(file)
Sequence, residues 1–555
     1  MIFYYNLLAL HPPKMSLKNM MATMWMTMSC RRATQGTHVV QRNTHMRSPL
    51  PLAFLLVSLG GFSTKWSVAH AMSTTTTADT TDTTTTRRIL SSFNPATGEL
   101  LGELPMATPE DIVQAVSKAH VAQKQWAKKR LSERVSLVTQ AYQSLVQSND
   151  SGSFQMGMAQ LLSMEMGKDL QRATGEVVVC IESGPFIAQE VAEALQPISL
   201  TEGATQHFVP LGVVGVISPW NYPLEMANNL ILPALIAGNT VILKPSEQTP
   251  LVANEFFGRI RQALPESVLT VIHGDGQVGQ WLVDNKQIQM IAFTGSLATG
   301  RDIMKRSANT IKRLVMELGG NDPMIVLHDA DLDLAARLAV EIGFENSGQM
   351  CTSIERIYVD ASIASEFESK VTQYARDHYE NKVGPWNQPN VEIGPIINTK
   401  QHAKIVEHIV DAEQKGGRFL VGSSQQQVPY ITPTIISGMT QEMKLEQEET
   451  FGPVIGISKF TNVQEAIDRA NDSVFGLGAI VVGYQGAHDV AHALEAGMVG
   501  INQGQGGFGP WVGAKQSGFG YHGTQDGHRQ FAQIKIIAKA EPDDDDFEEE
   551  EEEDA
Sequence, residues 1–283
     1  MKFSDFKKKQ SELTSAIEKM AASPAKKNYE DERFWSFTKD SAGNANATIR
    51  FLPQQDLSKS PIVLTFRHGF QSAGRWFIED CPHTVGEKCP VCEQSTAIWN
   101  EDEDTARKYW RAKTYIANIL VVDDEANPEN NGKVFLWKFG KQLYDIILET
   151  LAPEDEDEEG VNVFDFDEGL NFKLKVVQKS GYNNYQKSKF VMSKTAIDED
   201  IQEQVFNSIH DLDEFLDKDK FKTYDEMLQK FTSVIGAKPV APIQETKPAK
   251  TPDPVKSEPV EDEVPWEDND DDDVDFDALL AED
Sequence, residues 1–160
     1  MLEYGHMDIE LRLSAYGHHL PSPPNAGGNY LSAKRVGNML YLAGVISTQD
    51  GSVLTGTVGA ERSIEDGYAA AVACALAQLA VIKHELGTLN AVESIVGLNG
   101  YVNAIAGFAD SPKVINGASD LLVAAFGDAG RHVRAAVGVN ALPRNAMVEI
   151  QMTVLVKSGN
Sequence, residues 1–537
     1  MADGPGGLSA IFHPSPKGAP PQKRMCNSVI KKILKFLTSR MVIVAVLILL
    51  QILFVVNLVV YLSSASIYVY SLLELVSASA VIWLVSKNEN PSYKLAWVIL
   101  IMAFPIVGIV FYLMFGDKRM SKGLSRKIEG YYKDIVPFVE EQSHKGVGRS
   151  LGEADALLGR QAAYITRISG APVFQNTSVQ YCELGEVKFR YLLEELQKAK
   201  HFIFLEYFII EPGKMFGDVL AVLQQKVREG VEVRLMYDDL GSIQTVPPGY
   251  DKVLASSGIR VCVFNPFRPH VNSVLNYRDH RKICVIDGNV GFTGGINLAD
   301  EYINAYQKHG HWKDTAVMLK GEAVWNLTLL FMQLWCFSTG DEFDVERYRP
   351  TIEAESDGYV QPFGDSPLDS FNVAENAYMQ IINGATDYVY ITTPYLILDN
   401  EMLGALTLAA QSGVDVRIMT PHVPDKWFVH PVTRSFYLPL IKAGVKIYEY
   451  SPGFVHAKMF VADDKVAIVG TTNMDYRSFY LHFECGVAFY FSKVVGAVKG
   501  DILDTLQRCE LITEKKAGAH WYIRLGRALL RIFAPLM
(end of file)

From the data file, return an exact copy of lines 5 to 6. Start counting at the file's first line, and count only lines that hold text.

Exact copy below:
   151  SGSFQMGMAQ LLSMEMGKDL QRATGEVVVC IESGPFIAQE VAEALQPISL
   201  TEGATQHFVP LGVVGVISPW NYPLEMANNL ILPALIAGNT VILKPSEQTP